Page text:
The first detailed reporting of cultural resources from the Mammoth Cave area were foreshadowed by Col. Bennett Young (1910), who wrote what might best be described as a "guide" to the antiquities of Kentucky. But it was the massive collections of organic and inorganic prehistoric artifacts obtained from Salts Cave by F. W. Putnam for the Peabody Museum and materials donated to the American Museum of Natural History by John Nelson, Mammoth Cave guide, that brought about the first systematic archaeological study of the Mammoth Cave region by Nels C. Nelson between 1916 and 1923.

Nels C. Nelson was the first person to conduct and report results of archaeological surface studies and excavations in the Mammoth Cave area (1917, 1923). Known primarily for his excavations in the Vestibule of Mammoth Cave, Nelson obtained additional collections for the American Museum of Natural History by conducting surface reconnaissance and excavations throughout the area of present-day Mammoth Cave National Park.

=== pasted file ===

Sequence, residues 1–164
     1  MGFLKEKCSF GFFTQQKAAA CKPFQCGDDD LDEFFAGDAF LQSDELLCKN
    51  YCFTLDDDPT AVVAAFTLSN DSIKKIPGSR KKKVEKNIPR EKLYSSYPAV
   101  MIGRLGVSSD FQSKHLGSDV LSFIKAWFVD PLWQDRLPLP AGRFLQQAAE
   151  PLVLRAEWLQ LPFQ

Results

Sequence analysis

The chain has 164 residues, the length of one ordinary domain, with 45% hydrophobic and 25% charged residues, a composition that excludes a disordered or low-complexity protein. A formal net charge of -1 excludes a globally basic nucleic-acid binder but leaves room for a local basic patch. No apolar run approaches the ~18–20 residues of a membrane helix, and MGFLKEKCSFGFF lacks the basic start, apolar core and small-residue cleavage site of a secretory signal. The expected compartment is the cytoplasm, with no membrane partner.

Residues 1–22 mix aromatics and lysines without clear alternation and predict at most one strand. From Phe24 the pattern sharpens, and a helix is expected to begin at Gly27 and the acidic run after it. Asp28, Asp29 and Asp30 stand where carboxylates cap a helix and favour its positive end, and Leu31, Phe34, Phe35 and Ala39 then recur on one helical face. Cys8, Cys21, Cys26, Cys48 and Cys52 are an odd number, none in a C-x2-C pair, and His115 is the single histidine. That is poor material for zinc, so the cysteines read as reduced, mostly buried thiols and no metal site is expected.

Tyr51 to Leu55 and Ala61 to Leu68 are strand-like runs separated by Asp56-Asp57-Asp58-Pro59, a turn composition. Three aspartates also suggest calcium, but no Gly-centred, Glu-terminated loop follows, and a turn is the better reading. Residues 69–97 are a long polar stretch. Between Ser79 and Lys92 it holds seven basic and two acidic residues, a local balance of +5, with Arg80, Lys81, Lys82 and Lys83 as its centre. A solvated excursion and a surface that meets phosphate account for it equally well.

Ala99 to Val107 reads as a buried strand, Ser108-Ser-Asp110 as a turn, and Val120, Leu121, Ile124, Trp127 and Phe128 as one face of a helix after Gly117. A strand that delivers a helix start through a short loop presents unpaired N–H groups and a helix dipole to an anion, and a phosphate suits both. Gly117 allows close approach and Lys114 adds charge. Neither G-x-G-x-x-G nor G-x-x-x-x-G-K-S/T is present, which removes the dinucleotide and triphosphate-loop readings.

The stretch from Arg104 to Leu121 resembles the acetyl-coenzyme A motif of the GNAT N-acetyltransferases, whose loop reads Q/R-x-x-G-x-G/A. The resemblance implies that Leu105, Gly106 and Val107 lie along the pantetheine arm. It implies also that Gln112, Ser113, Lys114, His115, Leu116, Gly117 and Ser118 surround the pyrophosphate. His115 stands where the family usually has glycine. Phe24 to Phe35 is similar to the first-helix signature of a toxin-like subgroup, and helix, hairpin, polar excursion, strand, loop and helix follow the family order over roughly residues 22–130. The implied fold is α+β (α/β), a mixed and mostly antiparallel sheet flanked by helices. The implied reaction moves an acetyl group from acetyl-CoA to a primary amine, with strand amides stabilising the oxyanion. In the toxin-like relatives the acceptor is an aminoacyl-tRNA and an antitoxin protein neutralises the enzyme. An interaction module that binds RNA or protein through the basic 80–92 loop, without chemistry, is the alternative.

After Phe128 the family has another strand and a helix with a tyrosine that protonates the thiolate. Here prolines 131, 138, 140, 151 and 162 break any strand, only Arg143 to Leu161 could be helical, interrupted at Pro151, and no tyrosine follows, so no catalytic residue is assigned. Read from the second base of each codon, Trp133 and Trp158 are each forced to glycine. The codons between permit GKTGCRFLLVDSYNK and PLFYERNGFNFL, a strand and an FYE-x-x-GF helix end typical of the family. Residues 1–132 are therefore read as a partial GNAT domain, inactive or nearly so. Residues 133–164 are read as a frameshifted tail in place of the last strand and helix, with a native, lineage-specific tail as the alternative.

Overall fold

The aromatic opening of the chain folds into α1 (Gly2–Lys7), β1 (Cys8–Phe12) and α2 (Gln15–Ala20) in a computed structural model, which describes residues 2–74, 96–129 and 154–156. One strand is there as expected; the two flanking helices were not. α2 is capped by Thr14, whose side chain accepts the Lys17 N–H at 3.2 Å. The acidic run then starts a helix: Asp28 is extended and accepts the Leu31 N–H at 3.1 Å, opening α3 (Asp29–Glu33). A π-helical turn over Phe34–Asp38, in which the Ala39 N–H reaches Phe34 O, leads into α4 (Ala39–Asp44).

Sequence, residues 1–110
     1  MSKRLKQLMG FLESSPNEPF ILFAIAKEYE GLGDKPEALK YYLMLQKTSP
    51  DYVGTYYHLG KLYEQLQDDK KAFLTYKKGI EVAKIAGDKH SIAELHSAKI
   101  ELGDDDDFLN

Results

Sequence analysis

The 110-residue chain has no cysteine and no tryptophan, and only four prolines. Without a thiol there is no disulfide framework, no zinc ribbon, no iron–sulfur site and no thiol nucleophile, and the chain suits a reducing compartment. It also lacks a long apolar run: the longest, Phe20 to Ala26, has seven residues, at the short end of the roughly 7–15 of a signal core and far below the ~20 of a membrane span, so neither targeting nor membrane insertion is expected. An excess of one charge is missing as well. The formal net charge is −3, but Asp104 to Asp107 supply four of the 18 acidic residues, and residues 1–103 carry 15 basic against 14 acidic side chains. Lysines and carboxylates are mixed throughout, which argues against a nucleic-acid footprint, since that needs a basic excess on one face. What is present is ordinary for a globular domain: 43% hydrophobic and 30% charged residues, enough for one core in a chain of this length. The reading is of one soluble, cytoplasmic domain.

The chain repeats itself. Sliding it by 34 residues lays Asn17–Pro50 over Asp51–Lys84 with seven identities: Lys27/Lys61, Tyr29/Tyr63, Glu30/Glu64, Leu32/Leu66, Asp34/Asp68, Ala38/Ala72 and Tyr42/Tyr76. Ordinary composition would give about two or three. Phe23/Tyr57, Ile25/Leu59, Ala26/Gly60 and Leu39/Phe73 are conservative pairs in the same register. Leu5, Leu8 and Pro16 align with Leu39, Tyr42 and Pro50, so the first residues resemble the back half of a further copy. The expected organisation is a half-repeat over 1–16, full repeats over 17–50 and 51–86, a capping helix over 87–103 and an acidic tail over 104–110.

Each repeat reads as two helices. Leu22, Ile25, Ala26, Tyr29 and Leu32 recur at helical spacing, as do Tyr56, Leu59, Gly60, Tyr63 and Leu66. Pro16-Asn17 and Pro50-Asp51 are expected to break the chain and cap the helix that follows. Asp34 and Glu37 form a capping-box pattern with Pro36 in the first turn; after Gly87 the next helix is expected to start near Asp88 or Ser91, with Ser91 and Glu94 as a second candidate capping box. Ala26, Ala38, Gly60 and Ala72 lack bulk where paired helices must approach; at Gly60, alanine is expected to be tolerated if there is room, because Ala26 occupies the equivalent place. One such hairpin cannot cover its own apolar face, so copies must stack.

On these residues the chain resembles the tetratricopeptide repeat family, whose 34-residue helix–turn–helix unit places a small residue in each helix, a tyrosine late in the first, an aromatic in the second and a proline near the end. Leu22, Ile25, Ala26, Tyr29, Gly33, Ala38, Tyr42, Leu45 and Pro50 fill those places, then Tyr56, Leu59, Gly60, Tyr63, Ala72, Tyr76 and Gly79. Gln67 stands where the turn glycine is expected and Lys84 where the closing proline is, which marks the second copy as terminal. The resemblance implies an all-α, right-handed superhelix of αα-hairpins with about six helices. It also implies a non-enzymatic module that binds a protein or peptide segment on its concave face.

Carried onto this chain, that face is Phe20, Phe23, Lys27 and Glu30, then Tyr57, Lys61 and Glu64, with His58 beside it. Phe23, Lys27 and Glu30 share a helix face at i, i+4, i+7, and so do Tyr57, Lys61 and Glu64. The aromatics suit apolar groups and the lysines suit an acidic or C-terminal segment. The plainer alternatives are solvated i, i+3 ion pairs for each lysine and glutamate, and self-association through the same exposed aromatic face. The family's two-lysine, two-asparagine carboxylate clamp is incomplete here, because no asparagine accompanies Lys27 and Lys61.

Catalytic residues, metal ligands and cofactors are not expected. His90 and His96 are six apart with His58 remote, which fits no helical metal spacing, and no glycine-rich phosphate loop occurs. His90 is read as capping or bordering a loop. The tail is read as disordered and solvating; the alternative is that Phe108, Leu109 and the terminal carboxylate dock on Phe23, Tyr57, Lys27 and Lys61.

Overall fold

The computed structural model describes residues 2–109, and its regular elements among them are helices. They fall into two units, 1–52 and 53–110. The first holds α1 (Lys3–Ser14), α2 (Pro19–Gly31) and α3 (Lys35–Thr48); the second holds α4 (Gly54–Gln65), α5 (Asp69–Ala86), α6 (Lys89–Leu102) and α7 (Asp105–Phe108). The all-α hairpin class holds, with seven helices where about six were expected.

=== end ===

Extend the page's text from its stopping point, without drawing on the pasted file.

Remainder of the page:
Unfortunately, Nelson's work was largely ignored by fellow archaeologists. Even the additional discovery of another "mummy" in 1935 (Meloy 1971; Pond 1935, 1937) added but short-lived interest to the significant archaeological potential of the Mammoth Cave area. In retrospect, it might have been disinterest in the cave archaeology of the Mammoth Cave region that contributed to preserving some sites throughout the area. Archaeological methods of the 1920s to 1950s often included total site excavation.

During the late 1950s and early 1960s Douglas W. Schwartz conducted a series of studies in Mammoth Cave National Park and vicinity for the federal government (Schwartz 1958a-h, 1960a, b, 1965, 1967; Schwartz and Hanson 1961; Schwartz and Sloan 1958, 1960a, b; Schwartz, Sloan, and Hanson 1960). Schwartz inventoried previously reported sites (i.e., C. Moore 1916; Nelson 1917; Funkhouser and Webb 1928; Young 1910), surveyed portions of major trunk passages within Mammoth Cave for archaeological materials, reported previously unrecorded sites, and test-excavated several sites located in the Nolin and Rough River areas north of the park.